(11) Safety — Always be aware of traffic and look all four ways before crossing. Don’t assume that cars will stop, even if the light is red. Pause the music, use your eyes and ears while crossing. Don’t depend only on your ears — bikes and electric vehicles can be quite silent. Of course, be prudent about walking in cities or neighbourhoods you’re not familiar with, especially at night. See: urban walking safety tips.
(12) Physical distancing
Walking during a pandemic — is it okay to walk? When possible, it’s a good idea to avoid very busy paths or sidewalks, choose a quieter route instead. Good news for sidewalk walking — apparently the 2-metre rule has an exception. From Ottawa Public Health:
“You can go outside (for example – to take a walk). While outside, avoid crowds and maintain a distance of two metres (six feet) from those around you. Make an effort to step-aside, or pass others quickly and courteously on sidewalks. Passing someone on the sidewalk is not considered close contact or a significant risk for exposure to COVID-19.” — Ottawa Public Health Physical Distancing
The park is too busy? Find quiet streets or other areas to walk. Explore!
Want walk-friendly communities, habits, culture?
Join, follow, support…
- Canada Walks
- Complete Streets Canada | Wikipedia
- 880 Cities
- Active Transportation Canada | Toronto | Edmonton | Vancouver | Wikipedia
- David Suzuki Foundation
- Ontario Active School Travel (aka Active and Safe Routes to School)
- Or Google: “pedestrian friendly“, “walk friendly”, “walkability”, “active transportation” or “complete streets” plus the name of your city/town
- On twitter: #Walking #UrbanWalking #ActiveLiving #Walkability #PedestrianFriendly #ActiveTransportation #CompleteStreets
How Walking Makes Us Healthier, Happier and Brainier
“Neuroscientist Shane O’Mara believes that plenty of regular walking unlocks the cognitive powers of the brain like nothing else. He explains why you should exchange your gym kit for a pair of comfy shoes and get strolling.” Full story…
- How walking makes us healthier, happier and brainier (The Guardian)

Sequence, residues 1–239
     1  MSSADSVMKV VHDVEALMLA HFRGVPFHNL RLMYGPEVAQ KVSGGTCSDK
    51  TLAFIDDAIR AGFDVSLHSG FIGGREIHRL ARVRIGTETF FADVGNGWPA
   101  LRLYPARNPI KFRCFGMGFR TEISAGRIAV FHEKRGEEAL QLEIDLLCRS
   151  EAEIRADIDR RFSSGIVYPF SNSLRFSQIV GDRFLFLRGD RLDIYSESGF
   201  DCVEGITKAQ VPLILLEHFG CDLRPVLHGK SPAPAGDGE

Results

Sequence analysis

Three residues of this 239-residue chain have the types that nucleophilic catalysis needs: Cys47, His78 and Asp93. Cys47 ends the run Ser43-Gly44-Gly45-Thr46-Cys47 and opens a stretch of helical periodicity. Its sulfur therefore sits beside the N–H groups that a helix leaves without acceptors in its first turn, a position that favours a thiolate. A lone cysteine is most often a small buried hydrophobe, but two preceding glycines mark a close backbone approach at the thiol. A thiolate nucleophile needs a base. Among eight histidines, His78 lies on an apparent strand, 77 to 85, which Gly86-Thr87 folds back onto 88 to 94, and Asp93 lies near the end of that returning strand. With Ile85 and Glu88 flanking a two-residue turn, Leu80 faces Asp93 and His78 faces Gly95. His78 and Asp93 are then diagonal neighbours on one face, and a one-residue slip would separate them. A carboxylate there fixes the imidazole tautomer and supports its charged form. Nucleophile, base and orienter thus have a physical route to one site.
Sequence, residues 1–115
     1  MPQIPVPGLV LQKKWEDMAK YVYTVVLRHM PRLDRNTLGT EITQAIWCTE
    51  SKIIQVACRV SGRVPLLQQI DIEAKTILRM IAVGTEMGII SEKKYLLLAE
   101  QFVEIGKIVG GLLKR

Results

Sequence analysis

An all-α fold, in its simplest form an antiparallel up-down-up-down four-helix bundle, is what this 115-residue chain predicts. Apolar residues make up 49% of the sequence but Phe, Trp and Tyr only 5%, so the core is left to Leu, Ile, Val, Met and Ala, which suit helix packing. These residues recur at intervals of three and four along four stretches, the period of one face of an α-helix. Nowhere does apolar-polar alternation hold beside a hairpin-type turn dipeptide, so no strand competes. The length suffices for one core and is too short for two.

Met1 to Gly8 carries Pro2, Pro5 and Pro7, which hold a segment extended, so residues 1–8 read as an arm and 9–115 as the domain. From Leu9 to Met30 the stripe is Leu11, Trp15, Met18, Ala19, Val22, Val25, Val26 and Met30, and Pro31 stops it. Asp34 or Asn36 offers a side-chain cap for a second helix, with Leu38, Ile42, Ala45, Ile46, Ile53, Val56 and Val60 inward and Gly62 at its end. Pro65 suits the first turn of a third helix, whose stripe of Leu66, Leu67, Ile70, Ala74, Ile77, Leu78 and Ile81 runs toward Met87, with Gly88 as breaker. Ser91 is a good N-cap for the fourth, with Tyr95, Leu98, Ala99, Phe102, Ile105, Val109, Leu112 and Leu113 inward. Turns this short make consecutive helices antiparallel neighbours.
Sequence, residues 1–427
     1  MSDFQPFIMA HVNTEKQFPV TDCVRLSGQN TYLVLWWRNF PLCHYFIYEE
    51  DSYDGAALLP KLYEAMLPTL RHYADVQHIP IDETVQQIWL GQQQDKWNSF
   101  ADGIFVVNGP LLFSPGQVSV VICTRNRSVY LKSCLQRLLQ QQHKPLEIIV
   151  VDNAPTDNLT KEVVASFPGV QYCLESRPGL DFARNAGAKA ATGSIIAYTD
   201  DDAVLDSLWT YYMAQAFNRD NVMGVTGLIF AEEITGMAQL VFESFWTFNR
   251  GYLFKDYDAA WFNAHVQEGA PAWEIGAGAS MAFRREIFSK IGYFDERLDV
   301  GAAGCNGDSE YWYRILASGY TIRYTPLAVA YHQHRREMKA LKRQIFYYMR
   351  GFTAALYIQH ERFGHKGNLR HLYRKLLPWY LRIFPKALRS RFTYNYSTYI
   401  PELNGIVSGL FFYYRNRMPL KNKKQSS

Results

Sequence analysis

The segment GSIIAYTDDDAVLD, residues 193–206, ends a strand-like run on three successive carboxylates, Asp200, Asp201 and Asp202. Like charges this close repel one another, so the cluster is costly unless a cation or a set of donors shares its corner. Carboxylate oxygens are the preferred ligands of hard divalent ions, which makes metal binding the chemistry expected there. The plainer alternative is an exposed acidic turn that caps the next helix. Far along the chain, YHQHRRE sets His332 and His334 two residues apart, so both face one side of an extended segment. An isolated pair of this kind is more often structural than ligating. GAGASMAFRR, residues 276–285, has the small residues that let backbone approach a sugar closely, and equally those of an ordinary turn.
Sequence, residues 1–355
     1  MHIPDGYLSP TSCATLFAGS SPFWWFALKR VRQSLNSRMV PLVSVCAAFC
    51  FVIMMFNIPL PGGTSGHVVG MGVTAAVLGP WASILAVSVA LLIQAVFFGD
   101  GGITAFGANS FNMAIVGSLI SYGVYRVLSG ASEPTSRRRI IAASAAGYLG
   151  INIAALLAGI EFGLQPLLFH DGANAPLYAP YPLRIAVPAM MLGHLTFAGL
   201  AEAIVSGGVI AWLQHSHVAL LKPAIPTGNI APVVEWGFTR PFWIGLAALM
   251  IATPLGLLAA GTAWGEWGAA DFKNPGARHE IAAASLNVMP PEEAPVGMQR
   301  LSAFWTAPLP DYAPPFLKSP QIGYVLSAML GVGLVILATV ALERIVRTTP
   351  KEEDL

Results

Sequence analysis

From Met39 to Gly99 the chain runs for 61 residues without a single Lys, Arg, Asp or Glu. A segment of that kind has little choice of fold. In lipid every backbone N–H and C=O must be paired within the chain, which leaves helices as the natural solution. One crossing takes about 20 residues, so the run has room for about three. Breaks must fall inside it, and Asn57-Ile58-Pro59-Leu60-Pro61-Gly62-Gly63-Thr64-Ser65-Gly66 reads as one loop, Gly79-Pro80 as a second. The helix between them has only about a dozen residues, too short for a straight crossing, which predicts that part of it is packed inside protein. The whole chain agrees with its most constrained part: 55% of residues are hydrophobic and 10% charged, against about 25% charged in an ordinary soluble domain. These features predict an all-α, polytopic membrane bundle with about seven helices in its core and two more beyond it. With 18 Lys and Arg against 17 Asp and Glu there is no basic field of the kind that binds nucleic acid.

Please note that the above information is provided on an “As Is” basis and for general informational purposes only. People and Planet (also known as “Green Ottawa”) is not responsible for the content, accuracy, timeliness, completeness, legality, reliability, quality or suitability of the information and opinions provided. When you go walking, you do so at your own risk!
Let’s Talk Green Economy
We all know that taking action on climate is necessary, but how can concerns about the environment fit into the logic of small and medium businesses here in Ottawa?
That’s what our free workshop series Let’s Talk Green Economy sets out to explain: green can work for your business. Let us show you how.
Find answers to questions like: What is the Green Economy? How do I Save Energy? Can my Business be Green? Can Green Grow My Market? Does my Impact Matter?
Let’s Talk Green Economy Workshops will be offered across Ottawa from January to March 2020. Free for Ottawa Businesses! Delivered in-person and online, at your business or at a public space. You choose what works best for you and your staff.
Contact us today to book a workshop at your place of business or to find out about upcoming public workshops.
Workshops included in the series
10 Steps to a Low Carbon Workplace
An interactive workshop that will provide you with practical tips on reducing your environmental impact in the workplace. Learn how to assess your current greenhouse gas impact and simple ways to reduce it. Register today!